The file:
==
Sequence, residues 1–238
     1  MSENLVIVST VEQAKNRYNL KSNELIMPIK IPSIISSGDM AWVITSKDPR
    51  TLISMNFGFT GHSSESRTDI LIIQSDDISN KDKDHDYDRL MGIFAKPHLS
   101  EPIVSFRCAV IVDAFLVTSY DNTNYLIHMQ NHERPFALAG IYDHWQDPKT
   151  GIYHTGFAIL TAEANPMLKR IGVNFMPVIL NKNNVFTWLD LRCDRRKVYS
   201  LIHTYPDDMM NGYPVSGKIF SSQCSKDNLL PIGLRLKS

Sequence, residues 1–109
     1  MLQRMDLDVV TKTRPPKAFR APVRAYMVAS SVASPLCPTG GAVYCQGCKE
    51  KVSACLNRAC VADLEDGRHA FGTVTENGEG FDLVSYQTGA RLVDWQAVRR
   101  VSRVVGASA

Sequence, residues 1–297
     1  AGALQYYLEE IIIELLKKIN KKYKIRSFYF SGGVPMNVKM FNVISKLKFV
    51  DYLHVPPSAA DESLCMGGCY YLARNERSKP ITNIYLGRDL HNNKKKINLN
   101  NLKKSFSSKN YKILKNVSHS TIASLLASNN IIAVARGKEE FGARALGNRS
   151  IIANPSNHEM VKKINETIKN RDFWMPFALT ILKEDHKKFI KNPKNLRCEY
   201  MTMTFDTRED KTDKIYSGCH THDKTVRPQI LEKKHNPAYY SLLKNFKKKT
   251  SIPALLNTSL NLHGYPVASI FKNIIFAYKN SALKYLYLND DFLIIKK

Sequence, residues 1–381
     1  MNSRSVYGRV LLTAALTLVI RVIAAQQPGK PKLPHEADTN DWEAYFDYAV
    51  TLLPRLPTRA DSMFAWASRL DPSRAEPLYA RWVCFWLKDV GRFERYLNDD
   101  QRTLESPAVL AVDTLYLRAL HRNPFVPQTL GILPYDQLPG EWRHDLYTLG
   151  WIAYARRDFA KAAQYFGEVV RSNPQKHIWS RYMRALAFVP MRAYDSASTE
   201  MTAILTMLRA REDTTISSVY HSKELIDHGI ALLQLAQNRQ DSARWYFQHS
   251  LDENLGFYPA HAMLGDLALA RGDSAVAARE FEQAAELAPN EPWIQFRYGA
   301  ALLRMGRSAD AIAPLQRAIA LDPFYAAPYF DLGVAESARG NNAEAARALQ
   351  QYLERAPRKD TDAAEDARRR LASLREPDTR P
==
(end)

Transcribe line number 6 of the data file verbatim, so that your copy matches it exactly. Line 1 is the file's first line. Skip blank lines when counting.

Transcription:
   201  LIHTYPDDMM NGYPVSGKIF SSQCSKDNLL PIGLRLKS